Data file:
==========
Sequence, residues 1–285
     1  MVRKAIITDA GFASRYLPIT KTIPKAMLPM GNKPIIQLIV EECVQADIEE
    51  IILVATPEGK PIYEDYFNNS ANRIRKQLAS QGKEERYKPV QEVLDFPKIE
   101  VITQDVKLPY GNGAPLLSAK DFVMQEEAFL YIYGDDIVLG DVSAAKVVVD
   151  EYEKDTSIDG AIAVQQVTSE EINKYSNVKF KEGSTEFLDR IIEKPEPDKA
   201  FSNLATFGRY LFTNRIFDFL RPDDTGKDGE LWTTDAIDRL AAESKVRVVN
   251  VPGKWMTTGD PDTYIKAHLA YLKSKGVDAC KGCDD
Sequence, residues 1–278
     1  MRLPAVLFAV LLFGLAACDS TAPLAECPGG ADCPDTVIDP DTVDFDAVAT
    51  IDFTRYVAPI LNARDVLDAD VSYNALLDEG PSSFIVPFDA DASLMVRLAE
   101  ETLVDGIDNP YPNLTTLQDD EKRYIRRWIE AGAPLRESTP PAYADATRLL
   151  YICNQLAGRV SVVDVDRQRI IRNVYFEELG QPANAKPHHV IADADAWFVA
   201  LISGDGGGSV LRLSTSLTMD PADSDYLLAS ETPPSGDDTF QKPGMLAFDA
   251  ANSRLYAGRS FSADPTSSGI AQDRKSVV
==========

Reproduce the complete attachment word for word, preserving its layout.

Sequence, residues 1–285
     1  MVRKAIITDA GFASRYLPIT KTIPKAMLPM GNKPIIQLIV EECVQADIEE
    51  IILVATPEGK PIYEDYFNNS ANRIRKQLAS QGKEERYKPV QEVLDFPKIE
   101  VITQDVKLPY GNGAPLLSAK DFVMQEEAFL YIYGDDIVLG DVSAAKVVVD
   151  EYEKDTSIDG AIAVQQVTSE EINKYSNVKF KEGSTEFLDR IIEKPEPDKA
   201  FSNLATFGRY LFTNRIFDFL RPDDTGKDGE LWTTDAIDRL AAESKVRVVN
   251  VPGKWMTTGD PDTYIKAHLA YLKSKGVDAC KGCDD
Sequence, residues 1–278
     1  MRLPAVLFAV LLFGLAACDS TAPLAECPGG ADCPDTVIDP DTVDFDAVAT
    51  IDFTRYVAPI LNARDVLDAD VSYNALLDEG PSSFIVPFDA DASLMVRLAE
   101  ETLVDGIDNP YPNLTTLQDD EKRYIRRWIE AGAPLRESTP PAYADATRLL
   151  YICNQLAGRV SVVDVDRQRI IRNVYFEELG QPANAKPHHV IADADAWFVA
   201  LISGDGGGSV LRLSTSLTMD PADSDYLLAS ETPPSGDDTF QKPGMLAFDA
   251  ANSRLYAGRS FSADPTSSGI AQDRKSVV